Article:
Thursday, July 05, 2012
Book Review: Road to Valor
Road to Valor: a True Story of World War II Italy, the Nazis, and the Cyclist Who Inspired a Nation by Aili and Andres McConnon, Crown Publishers, 2012.
For casual fans of the Tour de France, Gino Bartali’s name is the answer to trivia questions: Who holds the record for longest time span between Tour victories? Who is one of the oldest riders to win the Tour? What’s largely unknown is the story of Bartali’s life between those victories and what made him not just a champion, but a hero.
Road to Valor chronicles Bartali’s early life as a gifted cyclist and the son of an impoverished Tuscan family. Bartali’s 1938 Tour de France win comes on the verge of WWII and his heroic victory and promising career are overshadowed by the rise of Fascism and Italy’s entry into the war on the side of Hitler.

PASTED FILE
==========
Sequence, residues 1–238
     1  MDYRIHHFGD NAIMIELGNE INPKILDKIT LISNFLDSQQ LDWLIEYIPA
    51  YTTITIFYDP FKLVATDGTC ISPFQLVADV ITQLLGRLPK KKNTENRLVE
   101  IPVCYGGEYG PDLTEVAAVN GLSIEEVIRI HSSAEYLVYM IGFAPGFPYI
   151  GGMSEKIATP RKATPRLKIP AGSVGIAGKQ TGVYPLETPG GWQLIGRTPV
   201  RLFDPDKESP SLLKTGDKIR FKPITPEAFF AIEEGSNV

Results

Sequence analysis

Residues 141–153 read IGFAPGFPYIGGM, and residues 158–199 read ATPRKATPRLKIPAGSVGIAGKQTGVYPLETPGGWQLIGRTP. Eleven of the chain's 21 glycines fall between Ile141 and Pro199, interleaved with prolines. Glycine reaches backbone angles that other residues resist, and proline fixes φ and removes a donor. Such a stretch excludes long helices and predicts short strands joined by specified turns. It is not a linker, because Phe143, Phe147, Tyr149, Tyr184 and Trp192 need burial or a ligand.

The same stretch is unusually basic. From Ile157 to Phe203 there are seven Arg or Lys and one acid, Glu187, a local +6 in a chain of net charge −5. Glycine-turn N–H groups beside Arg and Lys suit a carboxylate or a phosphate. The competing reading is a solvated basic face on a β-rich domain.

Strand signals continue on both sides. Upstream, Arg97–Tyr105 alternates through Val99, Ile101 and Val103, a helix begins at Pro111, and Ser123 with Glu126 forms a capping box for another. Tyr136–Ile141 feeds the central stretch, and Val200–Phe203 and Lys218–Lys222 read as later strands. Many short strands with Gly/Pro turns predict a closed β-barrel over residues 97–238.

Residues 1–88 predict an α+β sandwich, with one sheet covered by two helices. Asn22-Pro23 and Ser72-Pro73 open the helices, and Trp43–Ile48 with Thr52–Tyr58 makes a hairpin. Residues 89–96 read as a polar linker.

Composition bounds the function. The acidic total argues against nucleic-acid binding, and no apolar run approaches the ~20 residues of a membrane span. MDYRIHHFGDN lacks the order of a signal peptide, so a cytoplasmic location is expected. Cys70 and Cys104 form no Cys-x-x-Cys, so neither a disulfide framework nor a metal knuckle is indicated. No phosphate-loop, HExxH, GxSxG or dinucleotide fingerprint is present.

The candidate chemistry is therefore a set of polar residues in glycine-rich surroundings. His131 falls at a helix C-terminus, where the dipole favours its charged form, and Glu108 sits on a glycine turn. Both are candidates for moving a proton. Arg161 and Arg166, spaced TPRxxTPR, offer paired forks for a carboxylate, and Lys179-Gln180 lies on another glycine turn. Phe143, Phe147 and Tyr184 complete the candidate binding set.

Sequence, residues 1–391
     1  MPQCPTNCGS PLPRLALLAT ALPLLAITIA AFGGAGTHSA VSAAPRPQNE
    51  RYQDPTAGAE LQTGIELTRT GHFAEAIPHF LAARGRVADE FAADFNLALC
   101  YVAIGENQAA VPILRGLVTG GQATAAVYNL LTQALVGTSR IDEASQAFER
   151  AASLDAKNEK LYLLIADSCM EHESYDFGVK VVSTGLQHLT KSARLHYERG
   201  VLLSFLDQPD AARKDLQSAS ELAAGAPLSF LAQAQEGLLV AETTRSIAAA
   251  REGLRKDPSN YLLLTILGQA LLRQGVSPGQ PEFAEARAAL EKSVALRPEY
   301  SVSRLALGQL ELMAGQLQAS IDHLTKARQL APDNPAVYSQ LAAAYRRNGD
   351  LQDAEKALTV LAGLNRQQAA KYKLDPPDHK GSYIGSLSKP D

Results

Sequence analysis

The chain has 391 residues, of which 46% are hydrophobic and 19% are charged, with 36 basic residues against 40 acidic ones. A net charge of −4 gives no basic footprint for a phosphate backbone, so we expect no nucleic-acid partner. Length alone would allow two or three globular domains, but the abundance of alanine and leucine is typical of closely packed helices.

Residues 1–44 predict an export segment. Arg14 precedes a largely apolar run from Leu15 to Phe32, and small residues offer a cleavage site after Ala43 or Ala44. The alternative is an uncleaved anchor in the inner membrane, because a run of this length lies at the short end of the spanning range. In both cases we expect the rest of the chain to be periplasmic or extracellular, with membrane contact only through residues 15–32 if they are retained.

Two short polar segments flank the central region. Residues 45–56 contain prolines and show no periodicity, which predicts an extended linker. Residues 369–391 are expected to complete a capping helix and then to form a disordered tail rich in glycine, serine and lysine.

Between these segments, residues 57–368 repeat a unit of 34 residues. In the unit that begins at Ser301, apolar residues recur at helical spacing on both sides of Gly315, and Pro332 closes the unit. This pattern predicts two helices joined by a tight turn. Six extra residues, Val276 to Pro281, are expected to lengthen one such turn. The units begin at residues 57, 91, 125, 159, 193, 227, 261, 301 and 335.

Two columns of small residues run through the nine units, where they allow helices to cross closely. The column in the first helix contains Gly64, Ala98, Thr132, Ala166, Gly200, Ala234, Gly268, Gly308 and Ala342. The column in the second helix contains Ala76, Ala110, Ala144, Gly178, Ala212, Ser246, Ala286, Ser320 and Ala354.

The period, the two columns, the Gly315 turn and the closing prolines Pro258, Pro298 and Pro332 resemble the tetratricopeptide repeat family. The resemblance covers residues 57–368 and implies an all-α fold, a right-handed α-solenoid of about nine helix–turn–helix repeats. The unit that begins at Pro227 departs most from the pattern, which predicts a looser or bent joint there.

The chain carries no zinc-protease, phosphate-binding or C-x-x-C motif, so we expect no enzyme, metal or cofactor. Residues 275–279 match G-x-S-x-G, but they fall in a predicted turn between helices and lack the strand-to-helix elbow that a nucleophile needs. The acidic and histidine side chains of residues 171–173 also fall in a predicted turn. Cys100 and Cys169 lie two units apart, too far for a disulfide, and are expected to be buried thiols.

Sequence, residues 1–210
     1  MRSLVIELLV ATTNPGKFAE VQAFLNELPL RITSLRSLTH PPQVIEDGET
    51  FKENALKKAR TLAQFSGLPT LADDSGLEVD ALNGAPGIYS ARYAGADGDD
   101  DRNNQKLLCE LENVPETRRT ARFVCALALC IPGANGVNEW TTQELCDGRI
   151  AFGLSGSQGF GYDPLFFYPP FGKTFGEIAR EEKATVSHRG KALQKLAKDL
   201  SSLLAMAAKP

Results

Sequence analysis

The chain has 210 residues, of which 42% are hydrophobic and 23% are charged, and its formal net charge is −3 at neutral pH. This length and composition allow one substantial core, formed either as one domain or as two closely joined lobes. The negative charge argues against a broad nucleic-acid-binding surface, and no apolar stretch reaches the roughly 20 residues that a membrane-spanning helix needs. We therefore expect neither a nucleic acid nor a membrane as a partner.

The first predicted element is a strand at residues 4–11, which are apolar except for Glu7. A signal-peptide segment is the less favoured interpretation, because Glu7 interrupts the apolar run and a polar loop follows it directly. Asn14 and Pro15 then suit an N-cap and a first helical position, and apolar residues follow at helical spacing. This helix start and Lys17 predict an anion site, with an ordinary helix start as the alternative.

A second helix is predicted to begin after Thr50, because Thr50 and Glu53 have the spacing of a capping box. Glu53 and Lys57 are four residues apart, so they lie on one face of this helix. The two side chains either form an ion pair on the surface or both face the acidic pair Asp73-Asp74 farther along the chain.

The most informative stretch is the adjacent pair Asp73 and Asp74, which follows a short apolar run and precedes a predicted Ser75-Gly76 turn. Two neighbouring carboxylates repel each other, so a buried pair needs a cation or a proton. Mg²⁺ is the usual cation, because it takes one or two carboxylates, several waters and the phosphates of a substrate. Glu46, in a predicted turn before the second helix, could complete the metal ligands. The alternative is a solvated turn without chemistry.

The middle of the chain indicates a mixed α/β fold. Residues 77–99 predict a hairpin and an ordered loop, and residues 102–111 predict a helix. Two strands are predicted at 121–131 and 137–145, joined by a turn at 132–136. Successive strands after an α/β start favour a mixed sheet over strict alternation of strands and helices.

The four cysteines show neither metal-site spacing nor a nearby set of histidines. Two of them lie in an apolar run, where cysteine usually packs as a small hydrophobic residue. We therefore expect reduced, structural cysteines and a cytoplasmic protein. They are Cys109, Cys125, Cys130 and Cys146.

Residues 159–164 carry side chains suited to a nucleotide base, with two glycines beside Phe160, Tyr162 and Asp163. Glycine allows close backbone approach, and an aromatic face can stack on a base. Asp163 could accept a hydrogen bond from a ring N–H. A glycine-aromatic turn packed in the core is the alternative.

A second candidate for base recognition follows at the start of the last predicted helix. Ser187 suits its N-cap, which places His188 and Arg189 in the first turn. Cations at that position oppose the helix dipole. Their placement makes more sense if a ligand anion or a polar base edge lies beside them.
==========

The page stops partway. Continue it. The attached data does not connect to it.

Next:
During the war, Bartali, a devout Christian and Catholic activist, becomes involved in a network of smugglers who risk their lives and families to help Italian Jews obtain identity papers, food, and housing during the German occupation.
After the war, Bartali resumes his cycling career. Ridiculed for being too old and dismissed by all but his most ardent fans, Bartali summons the courage and strength to conquer the mountains again and emerges victorious in the 1948 Tour de France.
The McConnons have produced a well-researched, fascinating story of a classic hero. Bartali’s talent, faith, and independent streak inspired a nation and saved hundreds of lives. I found myself unable to put this story down--both physically and mentally as I reflected on Bartali’s life, his choices, and how a simple man of conviction becomes a hero in the face of extreme adversity.
Highly recommended for fans of cycling, readers of WWII books, or anyone looking for an inspiring story. This is a dramatic story that will have you cheering.